A byproduct of his research, however, was the discovery that, of the women who survived TSS, a substantial proportion developed autoimmune disorders: 11 of the 123 women in one survey developed lupus and a further 40 per cent had early symptoms of arthritis a striking finding considering that most TSS sufferers were under the age of 35 (J Infec Dis, 1981; 143: 509-16; Ann Int Med, 1982; 96: 982-6; see also The Coming Plague, Laurie Garrett, Penguin, 1994). But not all women infected with the
Staph a. virus develop TSS. The question is, is there a population of women walking around with more subtle self destruction taking place inside of them which is linked to the virus?
There are other theories as well. In America, Dr. William Crook has suggested that chronic intestinal yeast infections can promote a wide range of illnesses, from fatigue, depression, and bloating to more serious diseases such as lupus. The theory is that the yeast germ, known as Candida albicans, produces toxins which are absorbed from the gastrointestinal tract into the body. These toxins are thought to provoke either autoimmune reactions or other adverse effects. (Nutrition and Healing, 1995; 2(12): 1, l0-11). Treatment with an anti-candida diet (see box p5) has been shown to reduce levels of anti nuclear antibodies (ANA), the cells which attack the body.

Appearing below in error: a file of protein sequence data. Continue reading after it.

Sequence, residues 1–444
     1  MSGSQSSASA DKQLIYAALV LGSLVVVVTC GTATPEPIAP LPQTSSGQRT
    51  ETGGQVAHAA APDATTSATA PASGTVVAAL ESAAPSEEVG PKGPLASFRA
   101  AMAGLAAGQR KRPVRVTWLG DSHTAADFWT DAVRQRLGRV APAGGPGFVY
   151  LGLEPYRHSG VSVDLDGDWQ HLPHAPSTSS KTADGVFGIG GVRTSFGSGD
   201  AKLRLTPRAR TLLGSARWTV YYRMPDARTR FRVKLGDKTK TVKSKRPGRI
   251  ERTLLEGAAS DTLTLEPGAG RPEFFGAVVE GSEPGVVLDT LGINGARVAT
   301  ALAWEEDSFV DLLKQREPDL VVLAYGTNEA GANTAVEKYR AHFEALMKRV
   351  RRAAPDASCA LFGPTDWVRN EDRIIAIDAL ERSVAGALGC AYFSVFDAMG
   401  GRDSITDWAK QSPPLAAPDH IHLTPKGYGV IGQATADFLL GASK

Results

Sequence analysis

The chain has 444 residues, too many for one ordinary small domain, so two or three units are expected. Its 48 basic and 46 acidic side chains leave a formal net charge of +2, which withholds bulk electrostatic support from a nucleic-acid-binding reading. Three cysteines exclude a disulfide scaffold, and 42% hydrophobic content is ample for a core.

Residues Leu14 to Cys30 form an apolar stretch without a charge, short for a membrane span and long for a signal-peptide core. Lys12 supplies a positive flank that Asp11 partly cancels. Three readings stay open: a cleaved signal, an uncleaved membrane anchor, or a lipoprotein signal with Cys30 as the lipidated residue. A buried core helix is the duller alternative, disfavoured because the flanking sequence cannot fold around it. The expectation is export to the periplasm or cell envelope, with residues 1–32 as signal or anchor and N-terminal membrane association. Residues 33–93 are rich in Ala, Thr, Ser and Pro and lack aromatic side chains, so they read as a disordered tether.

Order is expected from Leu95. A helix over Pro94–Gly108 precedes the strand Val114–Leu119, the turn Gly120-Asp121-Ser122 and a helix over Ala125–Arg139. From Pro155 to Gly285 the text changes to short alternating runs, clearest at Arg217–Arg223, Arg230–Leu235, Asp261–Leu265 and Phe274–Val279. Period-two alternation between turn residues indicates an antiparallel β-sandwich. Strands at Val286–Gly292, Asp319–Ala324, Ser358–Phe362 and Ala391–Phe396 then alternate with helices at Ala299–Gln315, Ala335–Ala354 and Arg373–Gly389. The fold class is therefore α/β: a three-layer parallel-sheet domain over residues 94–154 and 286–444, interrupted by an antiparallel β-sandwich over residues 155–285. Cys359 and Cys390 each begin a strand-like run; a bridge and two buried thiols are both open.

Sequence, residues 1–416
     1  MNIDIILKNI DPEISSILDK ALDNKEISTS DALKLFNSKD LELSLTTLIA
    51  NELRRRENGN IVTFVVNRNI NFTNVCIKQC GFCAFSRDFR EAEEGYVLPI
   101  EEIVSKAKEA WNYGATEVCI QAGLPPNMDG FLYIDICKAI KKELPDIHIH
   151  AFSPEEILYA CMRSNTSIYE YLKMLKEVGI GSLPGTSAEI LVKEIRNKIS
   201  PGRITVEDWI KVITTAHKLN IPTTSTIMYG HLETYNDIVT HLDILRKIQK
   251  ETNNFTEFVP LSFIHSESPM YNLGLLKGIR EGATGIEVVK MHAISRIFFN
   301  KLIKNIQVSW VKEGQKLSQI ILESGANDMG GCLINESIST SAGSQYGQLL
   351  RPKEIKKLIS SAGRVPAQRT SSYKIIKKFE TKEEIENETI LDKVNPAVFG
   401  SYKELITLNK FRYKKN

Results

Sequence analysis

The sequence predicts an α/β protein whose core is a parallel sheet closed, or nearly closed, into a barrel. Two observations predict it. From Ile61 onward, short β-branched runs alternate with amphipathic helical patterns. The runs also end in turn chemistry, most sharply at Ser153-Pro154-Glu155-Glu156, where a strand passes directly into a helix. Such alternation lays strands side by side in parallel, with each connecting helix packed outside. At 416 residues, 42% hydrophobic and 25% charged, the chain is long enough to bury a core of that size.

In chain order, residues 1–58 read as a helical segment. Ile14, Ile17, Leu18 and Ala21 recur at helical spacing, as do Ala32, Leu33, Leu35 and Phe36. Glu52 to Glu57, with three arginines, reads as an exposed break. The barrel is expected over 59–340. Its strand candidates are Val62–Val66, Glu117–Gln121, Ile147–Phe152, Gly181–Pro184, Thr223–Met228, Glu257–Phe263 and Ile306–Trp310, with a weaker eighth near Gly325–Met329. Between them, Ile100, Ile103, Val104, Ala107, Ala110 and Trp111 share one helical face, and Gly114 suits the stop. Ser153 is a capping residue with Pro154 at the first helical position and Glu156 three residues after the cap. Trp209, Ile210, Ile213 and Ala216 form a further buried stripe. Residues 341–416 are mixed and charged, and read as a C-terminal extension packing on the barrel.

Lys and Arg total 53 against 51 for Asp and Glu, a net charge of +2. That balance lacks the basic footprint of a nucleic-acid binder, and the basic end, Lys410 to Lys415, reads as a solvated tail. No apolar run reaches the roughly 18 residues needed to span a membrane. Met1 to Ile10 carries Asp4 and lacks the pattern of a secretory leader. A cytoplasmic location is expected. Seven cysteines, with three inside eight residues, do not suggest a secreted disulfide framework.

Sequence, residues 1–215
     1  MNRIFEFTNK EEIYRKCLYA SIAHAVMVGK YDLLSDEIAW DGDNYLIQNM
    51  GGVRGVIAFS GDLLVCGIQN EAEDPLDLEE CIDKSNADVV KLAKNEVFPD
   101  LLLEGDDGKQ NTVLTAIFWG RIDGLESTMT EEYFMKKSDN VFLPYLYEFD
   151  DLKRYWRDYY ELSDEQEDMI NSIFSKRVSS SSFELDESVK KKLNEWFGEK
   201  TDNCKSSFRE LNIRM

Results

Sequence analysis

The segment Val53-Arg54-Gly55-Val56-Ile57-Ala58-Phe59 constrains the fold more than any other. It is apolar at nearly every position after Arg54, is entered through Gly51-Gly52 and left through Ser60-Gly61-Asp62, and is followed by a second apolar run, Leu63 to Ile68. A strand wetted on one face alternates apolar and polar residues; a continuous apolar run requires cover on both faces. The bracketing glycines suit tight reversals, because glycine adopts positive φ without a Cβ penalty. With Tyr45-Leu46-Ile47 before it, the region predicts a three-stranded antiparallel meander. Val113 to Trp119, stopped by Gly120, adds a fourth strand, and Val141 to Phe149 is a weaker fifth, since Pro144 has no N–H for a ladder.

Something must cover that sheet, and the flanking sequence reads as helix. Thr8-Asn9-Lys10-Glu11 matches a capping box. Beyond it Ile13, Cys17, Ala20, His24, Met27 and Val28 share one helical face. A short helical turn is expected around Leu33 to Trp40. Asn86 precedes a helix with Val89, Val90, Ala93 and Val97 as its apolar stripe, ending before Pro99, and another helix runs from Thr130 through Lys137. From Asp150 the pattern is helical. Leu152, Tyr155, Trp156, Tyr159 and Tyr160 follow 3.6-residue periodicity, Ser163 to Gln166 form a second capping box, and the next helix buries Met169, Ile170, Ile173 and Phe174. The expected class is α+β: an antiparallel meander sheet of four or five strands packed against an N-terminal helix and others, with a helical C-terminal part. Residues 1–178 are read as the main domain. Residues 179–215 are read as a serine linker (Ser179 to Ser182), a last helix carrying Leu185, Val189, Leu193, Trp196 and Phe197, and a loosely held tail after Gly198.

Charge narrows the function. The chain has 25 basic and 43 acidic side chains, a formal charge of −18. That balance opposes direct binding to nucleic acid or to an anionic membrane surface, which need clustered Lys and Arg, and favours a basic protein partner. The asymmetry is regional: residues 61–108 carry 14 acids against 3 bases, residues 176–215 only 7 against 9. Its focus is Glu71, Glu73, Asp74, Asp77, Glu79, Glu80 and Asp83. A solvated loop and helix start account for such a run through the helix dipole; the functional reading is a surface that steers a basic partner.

The link between food allergy and lupus is another fruitful avenue for exploration, according to the copious anecdotal evidence to date. In one report a child with lupus was found to have antibodies to milk. Symptoms vanished when he eliminated milk from his diet, and returned when he drank milk on a further two occasions (J Pedia, 1974; 84:59-647). In a study from Australia, four patients with lupus had marked symptom relief after following a programme that included nutritional supplements and avoiding allergenic foods. In addition to a reduction in symptoms, their ANA levels became normal (Int Clin Nutr Rev, 1985; 5(4): 166-76).